Schools impose their own ‘circuit breakers’ as parents fear return to online learning


Parents fear the return of distance education as the Christmas holidays approach as schools begin to impose their own “circuit breakers.”

Official guidelines from the Department of Education (DfE) state that schools should send large groups of children home only in “extreme cases” and as a “last resort”.

The Telegraph has learned that some schools have already started to close, citing an increase in cases. St Mary’s Church of England Primary School in Credenhill, Hereford, has announced to parents that there will be a “full breaker shutdown” of the school for seven days, which began on Tuesday and will end on November 29.

Bernadette Davies, the school’s executive director, wrote to the families explaining that the decision was made “in collaboration with our local authority” and follows a “significant increase” in Covid cases at the school.

She explained that the school has “worked tirelessly” to keep children safe during the pandemic, but added that “despite our best efforts to reduce the risk of transmission at school,” the one-week closure is the “next course of action”.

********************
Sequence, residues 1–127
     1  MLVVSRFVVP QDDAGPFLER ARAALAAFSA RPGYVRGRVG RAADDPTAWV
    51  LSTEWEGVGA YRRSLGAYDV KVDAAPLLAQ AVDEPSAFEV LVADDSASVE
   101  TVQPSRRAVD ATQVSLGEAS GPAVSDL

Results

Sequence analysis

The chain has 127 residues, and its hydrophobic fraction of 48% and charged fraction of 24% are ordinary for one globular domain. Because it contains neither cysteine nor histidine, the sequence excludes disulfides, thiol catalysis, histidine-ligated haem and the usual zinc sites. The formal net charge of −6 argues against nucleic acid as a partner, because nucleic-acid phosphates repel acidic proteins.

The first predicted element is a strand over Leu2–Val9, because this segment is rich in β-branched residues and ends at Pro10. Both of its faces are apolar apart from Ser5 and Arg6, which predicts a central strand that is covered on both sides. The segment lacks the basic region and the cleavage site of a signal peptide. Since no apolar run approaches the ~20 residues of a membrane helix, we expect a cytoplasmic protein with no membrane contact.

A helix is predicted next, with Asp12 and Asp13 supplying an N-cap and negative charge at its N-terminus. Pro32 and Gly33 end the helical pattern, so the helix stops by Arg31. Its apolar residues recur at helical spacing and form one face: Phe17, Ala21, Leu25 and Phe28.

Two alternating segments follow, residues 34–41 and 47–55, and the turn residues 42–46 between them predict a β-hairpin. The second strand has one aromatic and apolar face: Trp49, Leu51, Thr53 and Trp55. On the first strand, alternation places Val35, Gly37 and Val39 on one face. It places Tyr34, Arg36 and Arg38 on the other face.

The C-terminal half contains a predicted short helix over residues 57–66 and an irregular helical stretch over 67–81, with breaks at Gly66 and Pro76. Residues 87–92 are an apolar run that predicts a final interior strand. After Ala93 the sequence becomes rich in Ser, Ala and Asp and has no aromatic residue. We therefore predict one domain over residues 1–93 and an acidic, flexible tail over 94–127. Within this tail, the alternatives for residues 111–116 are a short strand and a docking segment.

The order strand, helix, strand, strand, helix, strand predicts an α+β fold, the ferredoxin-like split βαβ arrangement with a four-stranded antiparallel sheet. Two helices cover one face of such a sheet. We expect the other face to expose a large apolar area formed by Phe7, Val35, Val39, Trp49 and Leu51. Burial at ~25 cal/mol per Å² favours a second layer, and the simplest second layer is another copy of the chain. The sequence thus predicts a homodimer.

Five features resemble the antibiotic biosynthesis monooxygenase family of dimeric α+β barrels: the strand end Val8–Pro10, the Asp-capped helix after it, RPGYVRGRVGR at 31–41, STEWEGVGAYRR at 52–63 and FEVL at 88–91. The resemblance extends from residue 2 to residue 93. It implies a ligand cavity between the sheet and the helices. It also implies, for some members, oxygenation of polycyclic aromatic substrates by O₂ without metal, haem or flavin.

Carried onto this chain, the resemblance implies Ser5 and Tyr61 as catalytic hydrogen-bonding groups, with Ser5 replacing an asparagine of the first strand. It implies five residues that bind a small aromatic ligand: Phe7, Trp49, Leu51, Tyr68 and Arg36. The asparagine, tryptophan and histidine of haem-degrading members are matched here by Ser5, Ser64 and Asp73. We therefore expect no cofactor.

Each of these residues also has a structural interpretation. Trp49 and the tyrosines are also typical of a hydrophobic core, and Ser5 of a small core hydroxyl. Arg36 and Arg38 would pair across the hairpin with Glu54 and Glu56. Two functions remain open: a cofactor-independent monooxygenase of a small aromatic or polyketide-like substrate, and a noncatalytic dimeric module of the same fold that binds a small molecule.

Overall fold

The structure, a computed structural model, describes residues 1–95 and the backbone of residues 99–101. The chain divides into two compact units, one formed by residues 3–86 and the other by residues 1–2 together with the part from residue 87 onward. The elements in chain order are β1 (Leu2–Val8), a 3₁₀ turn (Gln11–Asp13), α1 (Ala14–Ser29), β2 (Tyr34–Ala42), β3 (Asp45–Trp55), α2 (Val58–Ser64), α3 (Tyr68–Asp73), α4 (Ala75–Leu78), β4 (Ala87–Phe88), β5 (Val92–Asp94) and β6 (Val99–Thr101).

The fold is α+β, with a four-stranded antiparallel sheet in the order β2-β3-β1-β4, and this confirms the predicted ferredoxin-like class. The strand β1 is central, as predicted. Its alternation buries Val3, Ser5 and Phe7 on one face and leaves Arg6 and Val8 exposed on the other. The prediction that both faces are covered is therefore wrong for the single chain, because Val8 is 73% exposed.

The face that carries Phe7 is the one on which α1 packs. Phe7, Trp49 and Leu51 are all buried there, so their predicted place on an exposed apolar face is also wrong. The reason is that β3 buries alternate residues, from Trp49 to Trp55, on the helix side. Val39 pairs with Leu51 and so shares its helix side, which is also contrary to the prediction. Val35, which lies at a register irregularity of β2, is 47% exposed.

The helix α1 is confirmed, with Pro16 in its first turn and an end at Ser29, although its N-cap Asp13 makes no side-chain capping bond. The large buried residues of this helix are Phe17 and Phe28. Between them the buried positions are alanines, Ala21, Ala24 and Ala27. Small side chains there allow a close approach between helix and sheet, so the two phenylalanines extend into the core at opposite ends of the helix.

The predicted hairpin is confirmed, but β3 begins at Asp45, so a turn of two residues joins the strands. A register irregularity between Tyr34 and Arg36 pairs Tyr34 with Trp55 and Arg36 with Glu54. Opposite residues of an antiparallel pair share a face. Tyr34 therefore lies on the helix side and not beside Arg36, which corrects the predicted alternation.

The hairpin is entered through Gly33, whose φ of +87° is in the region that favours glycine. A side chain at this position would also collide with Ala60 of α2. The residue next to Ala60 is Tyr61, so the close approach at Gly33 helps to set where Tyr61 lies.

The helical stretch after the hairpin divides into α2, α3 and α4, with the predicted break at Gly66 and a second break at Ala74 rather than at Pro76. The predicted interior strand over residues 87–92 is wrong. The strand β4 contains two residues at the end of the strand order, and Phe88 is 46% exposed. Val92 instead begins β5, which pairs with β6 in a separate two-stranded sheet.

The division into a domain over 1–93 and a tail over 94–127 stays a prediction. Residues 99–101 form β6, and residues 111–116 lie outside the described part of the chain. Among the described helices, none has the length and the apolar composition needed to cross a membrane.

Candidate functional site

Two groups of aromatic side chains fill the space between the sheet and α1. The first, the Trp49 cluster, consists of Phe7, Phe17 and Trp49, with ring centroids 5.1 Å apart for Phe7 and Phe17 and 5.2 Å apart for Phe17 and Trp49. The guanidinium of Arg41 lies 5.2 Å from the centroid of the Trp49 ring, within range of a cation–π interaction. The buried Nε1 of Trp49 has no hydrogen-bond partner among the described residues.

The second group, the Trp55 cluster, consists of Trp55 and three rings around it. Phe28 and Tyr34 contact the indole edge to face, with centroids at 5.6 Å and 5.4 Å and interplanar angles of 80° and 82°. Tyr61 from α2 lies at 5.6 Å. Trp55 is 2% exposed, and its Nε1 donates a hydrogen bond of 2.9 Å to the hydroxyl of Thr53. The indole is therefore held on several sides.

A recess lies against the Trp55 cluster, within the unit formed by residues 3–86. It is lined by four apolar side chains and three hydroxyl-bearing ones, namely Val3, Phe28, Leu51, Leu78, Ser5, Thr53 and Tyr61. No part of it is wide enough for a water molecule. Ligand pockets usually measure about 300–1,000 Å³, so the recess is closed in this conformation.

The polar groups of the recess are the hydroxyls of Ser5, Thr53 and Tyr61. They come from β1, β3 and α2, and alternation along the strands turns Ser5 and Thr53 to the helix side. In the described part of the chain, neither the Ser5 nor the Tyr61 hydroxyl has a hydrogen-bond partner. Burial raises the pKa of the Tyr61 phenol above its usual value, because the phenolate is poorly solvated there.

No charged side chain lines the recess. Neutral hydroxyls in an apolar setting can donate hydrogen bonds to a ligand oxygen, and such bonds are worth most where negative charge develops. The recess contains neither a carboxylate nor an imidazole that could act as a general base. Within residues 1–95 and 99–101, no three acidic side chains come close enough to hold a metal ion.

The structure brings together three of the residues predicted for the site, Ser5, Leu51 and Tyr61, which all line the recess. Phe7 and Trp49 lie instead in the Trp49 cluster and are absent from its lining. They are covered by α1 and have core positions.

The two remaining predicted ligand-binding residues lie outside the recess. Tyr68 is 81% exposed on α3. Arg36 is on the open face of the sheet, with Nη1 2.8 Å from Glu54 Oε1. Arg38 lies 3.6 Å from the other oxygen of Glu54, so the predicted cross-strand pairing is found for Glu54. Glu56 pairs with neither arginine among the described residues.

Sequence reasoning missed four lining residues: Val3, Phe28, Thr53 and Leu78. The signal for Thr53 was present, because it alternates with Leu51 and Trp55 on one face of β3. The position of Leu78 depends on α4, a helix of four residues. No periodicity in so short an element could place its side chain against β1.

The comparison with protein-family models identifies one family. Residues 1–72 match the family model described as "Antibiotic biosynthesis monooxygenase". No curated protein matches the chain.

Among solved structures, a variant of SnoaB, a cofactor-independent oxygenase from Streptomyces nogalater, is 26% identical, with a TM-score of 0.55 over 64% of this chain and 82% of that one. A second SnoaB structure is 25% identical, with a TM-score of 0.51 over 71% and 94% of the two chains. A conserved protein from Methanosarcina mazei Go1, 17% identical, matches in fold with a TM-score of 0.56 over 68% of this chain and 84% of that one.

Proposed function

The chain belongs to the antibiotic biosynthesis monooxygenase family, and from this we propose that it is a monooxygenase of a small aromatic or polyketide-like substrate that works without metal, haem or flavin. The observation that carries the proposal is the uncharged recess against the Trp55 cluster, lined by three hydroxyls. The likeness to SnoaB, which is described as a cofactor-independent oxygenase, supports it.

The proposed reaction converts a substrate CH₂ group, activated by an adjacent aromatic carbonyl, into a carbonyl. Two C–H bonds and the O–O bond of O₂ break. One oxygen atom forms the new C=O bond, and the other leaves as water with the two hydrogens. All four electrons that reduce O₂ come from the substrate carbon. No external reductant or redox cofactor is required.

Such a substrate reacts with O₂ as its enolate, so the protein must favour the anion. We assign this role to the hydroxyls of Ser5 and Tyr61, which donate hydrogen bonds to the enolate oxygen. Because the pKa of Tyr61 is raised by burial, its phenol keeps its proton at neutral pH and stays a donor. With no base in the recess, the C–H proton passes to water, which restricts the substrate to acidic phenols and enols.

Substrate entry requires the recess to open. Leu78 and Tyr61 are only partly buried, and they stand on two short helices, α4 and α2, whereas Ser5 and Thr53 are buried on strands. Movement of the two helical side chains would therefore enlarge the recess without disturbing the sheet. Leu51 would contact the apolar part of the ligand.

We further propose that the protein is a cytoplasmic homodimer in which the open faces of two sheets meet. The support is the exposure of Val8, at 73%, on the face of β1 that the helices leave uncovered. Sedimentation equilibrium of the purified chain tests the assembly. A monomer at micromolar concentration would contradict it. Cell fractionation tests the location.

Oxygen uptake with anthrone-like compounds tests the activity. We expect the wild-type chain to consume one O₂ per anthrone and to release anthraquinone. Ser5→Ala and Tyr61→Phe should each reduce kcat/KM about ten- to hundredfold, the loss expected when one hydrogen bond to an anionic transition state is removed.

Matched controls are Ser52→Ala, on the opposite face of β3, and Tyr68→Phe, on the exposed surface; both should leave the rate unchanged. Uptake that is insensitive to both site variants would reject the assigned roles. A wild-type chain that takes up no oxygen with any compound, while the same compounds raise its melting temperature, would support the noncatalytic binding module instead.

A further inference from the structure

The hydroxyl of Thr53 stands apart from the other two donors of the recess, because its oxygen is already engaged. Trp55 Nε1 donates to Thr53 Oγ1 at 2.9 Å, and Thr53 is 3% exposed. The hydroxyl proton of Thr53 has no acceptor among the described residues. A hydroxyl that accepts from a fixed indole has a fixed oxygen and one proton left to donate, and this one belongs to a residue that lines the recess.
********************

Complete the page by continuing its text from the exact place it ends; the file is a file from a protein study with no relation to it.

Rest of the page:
Ms Davies said the school has already implemented a deep cleansing regimen, increased hand washing and sanitizing, introduced the use of PPE, separate age groups and staggered recess and lunch .

“The purpose of this break is to act as a ‘kill switch’ and stop the transmission of COVID-19 throughout the school,” she said.

The school will be closed to all students – including the most vulnerable and the children of key workers – and they will instead be taught at a distance. In previous national closures, these groups of children have been allowed to continue going to school.

Arabella Skinner of the parent campaign group UsForThem, said distance learning was a “failed experiment” and “not an experiment we should repeat in the context of a nearly fully vaccinated adult population.”

She added: “As the experience of last year shows, these isolated cases of school closures do not remain isolated for long. The concern is that as Christmas approaches we will see more examples of this. How long are we going to ask our children to remain second-class citizens? “


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